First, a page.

From Vision to Reality: Bayou Region Incubator Welcomes Generous Support at Grand Opening

The Bayou Region Incubator and the Student Entrepreneur and Innovation Center celebrated a momentous occasion at their grand opening event, as they were presented with over $110,000 in generous support from various sponsors, as per this news release from Nicholls State University.

Among them, Chevron’s contribution of $50,000 played a pivotal role in furnishing the common areas and offices, ensuring that the space is equipped with essential furniture, office equipment, internet services, and mentoring platforms. Lisa Kliebert, the Executive Director of the Bayou Region Incubator, expressed immense gratitude, noting that without Chevron’s contribution, furnishing the space would have been a significant challenge.

In addition to Chevron’s support, Mosaic also stepped up with a substantial contribution of $50,000. This contribution focused on promoting diversity and inclusion within the incubator community. It encompassed crucial aspects such as diversity and inclusion training, roundtable cohorts, and sponsorship for the BRI to become a member of the River Region Chamber of Commerce. This sponsorship enables businesses associated with the incubator to attend River Chamber events as guests, fostering networking and collaboration opportunities. Kliebert emphasized the transformative impact of Mosaic’s contribution, highlighting its potential to benefit up to 17 businesses through various membership offerings, ranging from private office space to virtual memberships.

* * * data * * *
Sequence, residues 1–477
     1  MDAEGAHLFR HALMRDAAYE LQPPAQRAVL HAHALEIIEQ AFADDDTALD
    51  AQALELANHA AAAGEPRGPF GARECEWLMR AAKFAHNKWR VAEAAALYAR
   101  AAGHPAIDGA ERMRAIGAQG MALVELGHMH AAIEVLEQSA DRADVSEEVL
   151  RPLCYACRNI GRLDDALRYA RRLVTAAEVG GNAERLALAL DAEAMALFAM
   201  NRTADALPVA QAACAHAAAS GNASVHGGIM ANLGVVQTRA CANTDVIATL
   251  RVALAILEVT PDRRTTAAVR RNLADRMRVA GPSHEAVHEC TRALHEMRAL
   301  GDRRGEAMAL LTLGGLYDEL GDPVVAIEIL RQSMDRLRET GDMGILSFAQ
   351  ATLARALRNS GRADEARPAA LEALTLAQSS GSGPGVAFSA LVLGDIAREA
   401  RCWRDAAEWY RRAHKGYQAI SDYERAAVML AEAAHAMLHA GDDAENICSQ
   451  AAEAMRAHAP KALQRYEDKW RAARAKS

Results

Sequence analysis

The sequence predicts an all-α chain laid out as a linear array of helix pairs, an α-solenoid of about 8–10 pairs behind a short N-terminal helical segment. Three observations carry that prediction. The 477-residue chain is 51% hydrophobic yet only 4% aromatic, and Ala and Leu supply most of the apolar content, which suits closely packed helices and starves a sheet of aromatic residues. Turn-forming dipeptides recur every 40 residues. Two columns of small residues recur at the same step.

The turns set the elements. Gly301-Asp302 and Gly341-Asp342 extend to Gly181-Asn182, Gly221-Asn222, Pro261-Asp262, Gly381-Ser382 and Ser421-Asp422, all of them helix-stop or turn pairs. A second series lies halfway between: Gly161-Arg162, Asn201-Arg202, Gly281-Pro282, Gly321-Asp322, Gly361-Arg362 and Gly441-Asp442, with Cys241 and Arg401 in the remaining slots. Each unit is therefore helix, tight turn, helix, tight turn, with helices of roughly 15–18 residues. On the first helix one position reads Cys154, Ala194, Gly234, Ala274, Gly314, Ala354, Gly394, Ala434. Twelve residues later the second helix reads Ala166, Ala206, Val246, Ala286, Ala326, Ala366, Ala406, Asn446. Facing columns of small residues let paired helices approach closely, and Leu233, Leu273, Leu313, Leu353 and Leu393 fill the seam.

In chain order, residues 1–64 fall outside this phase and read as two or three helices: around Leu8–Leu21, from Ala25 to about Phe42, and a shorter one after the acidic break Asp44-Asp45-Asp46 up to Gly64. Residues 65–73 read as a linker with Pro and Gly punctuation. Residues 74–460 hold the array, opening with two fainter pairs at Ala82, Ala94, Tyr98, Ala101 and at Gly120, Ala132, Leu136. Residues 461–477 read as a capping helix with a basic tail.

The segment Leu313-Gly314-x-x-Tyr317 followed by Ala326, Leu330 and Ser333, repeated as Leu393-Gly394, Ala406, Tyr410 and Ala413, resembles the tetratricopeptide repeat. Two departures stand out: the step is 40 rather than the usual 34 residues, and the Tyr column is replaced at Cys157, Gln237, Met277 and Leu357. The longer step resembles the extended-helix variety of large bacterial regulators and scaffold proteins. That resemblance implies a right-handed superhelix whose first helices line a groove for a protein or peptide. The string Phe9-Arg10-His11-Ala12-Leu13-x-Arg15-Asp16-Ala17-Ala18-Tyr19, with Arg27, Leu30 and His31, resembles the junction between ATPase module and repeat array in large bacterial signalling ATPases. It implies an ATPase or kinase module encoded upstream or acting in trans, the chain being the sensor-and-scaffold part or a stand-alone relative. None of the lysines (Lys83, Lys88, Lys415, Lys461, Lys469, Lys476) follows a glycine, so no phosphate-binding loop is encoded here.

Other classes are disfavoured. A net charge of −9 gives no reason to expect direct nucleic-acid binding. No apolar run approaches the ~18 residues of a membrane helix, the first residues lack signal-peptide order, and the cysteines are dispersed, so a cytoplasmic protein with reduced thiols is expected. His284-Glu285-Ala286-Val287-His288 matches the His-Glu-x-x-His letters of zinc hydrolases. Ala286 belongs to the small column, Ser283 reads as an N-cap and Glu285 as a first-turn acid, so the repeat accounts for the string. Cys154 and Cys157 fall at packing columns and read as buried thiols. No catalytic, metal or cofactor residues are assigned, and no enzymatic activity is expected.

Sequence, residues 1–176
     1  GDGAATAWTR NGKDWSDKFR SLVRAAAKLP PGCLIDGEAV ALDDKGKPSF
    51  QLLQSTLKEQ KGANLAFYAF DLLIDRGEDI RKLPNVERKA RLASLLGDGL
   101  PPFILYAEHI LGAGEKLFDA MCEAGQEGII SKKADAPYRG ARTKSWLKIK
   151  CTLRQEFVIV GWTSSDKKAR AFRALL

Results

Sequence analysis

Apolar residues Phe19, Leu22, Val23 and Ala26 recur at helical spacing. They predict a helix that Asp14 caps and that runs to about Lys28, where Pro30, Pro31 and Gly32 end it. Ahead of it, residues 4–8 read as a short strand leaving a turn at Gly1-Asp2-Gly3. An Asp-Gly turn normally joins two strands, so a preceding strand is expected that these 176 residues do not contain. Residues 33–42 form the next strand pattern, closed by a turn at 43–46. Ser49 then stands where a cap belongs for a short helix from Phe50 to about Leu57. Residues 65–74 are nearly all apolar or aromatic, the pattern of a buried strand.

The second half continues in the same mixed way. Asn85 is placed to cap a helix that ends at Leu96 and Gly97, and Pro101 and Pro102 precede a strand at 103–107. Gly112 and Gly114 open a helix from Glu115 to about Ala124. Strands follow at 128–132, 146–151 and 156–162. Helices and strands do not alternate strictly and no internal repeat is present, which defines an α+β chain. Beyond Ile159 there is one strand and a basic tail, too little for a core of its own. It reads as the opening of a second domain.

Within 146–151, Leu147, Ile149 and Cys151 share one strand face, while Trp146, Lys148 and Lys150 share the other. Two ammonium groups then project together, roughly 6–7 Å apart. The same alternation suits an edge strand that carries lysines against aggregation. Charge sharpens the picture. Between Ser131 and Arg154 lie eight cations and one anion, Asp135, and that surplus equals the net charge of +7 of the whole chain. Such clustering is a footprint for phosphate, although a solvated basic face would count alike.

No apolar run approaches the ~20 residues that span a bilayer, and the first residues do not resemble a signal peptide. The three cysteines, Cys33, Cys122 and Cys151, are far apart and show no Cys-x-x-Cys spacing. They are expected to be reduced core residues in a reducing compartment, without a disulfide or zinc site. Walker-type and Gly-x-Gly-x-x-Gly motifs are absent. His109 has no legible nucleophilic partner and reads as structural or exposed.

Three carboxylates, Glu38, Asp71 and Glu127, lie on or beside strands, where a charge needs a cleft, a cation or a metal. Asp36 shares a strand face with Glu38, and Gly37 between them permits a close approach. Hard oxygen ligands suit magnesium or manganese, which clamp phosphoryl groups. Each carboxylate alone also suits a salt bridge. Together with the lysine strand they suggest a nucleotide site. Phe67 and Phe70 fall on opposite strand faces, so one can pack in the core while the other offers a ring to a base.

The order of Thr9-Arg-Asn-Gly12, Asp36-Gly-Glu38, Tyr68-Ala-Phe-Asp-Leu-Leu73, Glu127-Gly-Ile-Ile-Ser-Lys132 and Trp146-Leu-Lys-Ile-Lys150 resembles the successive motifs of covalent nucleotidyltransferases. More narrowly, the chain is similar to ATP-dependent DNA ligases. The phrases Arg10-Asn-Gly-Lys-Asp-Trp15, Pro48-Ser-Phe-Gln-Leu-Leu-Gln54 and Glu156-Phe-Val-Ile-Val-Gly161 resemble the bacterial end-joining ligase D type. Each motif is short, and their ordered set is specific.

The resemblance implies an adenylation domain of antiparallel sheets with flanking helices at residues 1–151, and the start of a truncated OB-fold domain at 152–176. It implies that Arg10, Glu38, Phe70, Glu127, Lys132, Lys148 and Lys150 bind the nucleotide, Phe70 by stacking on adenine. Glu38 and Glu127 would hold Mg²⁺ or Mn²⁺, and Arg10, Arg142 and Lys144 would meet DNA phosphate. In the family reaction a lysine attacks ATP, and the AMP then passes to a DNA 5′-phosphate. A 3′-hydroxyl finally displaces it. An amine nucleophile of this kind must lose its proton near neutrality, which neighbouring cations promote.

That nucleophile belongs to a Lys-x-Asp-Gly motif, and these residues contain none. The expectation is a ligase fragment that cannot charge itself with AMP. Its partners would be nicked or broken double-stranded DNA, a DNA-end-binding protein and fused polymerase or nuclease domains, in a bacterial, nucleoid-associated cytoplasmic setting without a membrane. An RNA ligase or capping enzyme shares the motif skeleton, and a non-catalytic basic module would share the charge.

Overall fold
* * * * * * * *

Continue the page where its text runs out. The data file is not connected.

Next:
Premier Food Group’s donation of $7,500 was directed towards the creation of essential areas within the incubator, such as the kitchen and break room. These spaces are integral for fostering a conducive work environment, where members can recharge and enhance their productivity without having to leave the premises. Moreover, Premier Food Group has pledged to volunteer their time and expertise to conduct multiple training sessions at the BRI, further enriching the support ecosystem provided by the incubator.

Furthermore, Susanna Lamers, CEO of BioInfoExperts, contributed $3,300 to sponsor a Dedicated Desk membershipfor a full year. This sponsorship underscores the community’s commitment to supporting aspiring entrepreneurs on their journey towards success. To ensure transparency and accessibility, applications for all sponsored memberships or vouchers will be made available on the BRI website and social media platforms.